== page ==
To squish or not to squish? For PETA members and other kind people who diligently catch insects and spiders in cups or humane bug catchers and gently escort them outside, this isn’t even a question. But for others, a study suggesting that insects are conscious beings means that the ethics of indiscriminately killing them just got more complicated.
According to a paper published in the Proceedings of the National Academy of Sciences, insect brains, although tiny, perform the same functions as the human midbrain—the ancient neural core that supports our capacity for awareness.
“[W]hile insect brains and human brains could not look more different,” according to the study’s authors, cognitive scientist Andrew B. Barron and philosopher Colin Klein, both of Macquarie University in Australia, “they have structures that do the same thing, for the same reason and so support the same kind of first-person perspective. That is strong reason to think that insects and other invertebrates are conscious.”
In other words, they say, it “feels like something to be a bee.”
This only adds to our growing awareness that the other beings—even the smallest ones—with whom we share the planet are not mere biobots and deserve our consideration.
For example, ants use “math” to find the fastest path from one point to another. Honeybees can count and categorize similar objects, such as dogs or human faces. Mother crickets warn their offspring—before they even hatch—about the dangers posed by spiders, and paper wasps have long-term memories. Social spiders who live in colonies have distinct personalities: Some are shy, while others are more aggressive. And when fruit flies are presented with a difficult choice, they take time to collect information before making a decision.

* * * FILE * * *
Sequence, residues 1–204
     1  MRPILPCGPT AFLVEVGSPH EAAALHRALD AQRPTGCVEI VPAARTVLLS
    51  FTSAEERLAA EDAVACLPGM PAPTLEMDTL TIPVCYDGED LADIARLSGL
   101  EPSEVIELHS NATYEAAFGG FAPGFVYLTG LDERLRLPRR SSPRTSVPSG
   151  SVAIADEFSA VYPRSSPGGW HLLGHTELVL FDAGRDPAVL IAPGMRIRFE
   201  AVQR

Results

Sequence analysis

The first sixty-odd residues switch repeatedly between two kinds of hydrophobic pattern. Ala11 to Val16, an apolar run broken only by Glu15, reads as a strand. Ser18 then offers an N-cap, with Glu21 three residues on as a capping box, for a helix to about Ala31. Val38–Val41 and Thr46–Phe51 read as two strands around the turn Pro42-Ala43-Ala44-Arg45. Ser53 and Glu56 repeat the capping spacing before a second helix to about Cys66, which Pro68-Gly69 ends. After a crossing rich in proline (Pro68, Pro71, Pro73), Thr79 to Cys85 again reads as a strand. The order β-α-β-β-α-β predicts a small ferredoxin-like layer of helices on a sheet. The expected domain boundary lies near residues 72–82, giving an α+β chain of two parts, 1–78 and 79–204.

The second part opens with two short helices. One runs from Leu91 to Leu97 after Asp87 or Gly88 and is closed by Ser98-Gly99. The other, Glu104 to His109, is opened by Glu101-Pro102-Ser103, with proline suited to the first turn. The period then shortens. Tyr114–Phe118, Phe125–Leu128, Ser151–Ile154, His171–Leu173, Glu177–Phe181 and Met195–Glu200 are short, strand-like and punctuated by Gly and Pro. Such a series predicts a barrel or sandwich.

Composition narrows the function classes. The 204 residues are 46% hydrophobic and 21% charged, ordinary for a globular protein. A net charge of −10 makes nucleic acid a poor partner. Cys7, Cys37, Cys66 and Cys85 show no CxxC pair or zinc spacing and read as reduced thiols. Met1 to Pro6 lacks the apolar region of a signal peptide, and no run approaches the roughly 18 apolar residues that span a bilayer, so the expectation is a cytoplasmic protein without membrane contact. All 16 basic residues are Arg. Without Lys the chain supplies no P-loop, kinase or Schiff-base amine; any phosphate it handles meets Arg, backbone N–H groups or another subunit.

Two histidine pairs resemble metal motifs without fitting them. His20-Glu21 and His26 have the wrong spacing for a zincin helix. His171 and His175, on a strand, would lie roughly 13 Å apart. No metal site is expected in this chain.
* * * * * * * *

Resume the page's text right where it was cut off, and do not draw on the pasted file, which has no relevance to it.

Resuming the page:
Even that most maligned of beings, the cockroach, has been greatly underestimated by humans.
Like spiders, cockroaches have individual personalities. Researchers from the Université libre de Bruxelles released groups of American cockroaches into a brightly lit arena that contained two shelters and then left them alone to observe their behavior. Shyer roaches quickly sought shelter, while those who were bolder were more likely to explore their surroundings. These varying personality traits could help explain how cockroaches are able to adapt to and survive in inhospitable environments—such as a hostile human’s home.
A 2010 study by scientists at Queen Mary University of London found that cockroaches are social beings who “talk” to one another about food and prefer to dine in groups. When presented with two identical slices of bread, the roaches repeatedly gathered around the same slice, rather than splitting up.
Cockroaches can recognize individual members of their family, they live together in closely bonded groups and they make collective decisions—about where to seek shelter, for instance—that will benefit the entire cockroach clan. If these highly social insects are forced to live alone, they become ill.
Perhaps all these good traits help explain why one poll found that cockroaches are more popular than members of Congress.
But what does all this mean for the human holding the flyswatter? It’s time to live and let live. Neuroscientist Christof Koch, who, along with fellow neuroscientist Giulio Tononi, has proposed that consciousness is nearly ubiquitous in varying degrees, leads by example. He says that when he was presented with a similar Buddhist teaching, “that consciousness is everywhere” and “that we have to reduce the suffering of all conscious creatures,” he was inspired to take his own theory more seriously and put it into practice.
How does he do this?
“When I see insects in my home, I don’t kill them,” he says.